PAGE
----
Sunday 26 August 2018-08-22
Josh 24:1-2a, 14-18; John 6:56-69
May I speak this morning in the name of God the Father, God the Son and God the Holy Spirit. Amen.
I still remember the first television set my parents got when I was about 5 or 6, which they rented from Radio Rentals. It was a beige veneered box and the channel buttons were great big things which you had to press in to turn over the channel.
That TV must have been future-proofed because it had four channel buttons, but there were only three channels to choose from. BBC1, BBC2 and ITV. And, when you were a young child in the early 1970s there wasn’t much to watch on the telly – I remember encountering the test card quite a lot on BBC2 and children’s television programmes lasted from about 4 to 6 in the afternoon – when the 6 o’clock news came on, that was it.
And then, on the 2 November 1982, a veritable revolution took place when Channel 4 was launched. At last that fourth button had a purpose although, sadly, that beige TV did not last long enough to see the day. So much for future proofing. I was in my early days of secondary school then, and Channel 4 did seem like a revolution – it had irreverent comedies like Five Go Mad in Dorset and black and white French films which always promised to be saucy, but never were.
For those who could afford fancy satellite dishes Sky TV came along in 1990, but took a long time to get established, and for those with regular TVs Channel Five came along in 1997. That four button TV had definitely now had its day.
So how many channels are there to choose from today?
I’ve no idea. My Sky box goes up to 999, but that doesn’t include all the things available on Netflix, Amazon, the BBC on demand services, Now TV, Virgin entertainment, the many film streaming services and so on. And, of course, you don’t even need to TV to access this stuff – many will simply stream onto iPads and phones.
In the course of my lifetime we have gone from almost no choice in television to virtually infinite choice about what we watch, where and how.
And the same applies to music – rather than listening to whatever the radio station chooses to play it is now possible to stream virtually every track in the world for a modest monthly fee. In relation to food one can now order almost any cuisine via an app and have it Deliverood to your door, if you want to meet someone new you can just swipe left or right on a dating app (don’t worry I haven’t been doing that), if you want to visit a foreign city you can have the choice of thousands of rooms via Airbnb.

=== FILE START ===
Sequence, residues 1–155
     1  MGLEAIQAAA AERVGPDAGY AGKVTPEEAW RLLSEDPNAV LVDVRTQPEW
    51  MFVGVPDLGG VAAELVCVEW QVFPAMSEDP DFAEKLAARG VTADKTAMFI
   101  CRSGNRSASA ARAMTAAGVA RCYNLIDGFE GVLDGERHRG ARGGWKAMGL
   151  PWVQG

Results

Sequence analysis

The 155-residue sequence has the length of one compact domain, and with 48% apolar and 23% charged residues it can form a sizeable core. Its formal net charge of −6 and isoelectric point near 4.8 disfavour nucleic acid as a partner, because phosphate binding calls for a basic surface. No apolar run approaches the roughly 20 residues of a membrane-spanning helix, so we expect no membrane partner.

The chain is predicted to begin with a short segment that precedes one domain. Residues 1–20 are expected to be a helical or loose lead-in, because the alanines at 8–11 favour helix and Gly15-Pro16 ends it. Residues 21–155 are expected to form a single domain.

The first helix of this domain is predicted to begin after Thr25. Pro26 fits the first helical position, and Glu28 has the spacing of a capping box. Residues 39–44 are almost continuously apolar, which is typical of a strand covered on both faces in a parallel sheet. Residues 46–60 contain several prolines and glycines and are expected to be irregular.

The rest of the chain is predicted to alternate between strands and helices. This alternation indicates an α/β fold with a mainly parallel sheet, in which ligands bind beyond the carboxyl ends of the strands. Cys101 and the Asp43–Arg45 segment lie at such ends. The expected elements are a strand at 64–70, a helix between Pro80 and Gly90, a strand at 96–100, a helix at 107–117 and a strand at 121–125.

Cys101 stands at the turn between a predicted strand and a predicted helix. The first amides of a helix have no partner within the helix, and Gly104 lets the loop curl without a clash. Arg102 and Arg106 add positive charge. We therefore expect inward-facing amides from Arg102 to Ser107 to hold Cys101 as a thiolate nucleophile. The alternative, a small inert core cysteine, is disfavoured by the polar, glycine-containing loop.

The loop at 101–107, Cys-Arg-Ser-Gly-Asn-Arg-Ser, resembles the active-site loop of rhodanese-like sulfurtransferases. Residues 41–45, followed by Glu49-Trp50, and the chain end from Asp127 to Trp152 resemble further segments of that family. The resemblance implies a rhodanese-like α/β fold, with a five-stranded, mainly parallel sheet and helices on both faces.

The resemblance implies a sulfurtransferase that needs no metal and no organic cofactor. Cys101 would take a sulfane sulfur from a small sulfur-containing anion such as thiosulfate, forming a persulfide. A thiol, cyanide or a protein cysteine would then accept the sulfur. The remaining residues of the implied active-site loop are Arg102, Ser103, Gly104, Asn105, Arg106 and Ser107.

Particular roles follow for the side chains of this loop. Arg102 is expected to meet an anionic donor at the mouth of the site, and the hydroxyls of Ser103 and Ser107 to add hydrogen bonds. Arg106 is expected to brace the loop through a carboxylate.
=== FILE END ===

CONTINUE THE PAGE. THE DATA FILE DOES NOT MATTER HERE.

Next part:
The choices available in so many areas of our life now seem endless.
And if that is true for these consumer items it is also true of faith. Gone are the days when other religions were merely exotic rumours from far off lands. It is now perfectly possible to go onto the internet and learn about any faith or spiritual practice under the sun, to take up that practice and put it down again as you see fit. I quite enjoy all the colour and the noise and the food of Hinduism but I decided against being a Hindu priest as the weddings take three days.
Although the sheer proliferation of choice in every area of life is a quite modern phenomena, actually God has always allowed his people choice, because it is only a freely chosen relationship with God that is a real relationship. One could say that choice started with Adam and Eve in the garden of Eden and is to be found throughout the story of the people of God – Abraham and his son Isaac, Noah and his call to build the ark, the calling of prophets like Samuel in the temple. God never forces, but always allows people to choose. Of course, choice carries risk. The risk that people will make the wrong choice for the wrong reason, that they will eat the fruit rather than trust the promises of God. But God takes that risk with us because people without choices are merely slaves and God seeks to set his people free from slavery.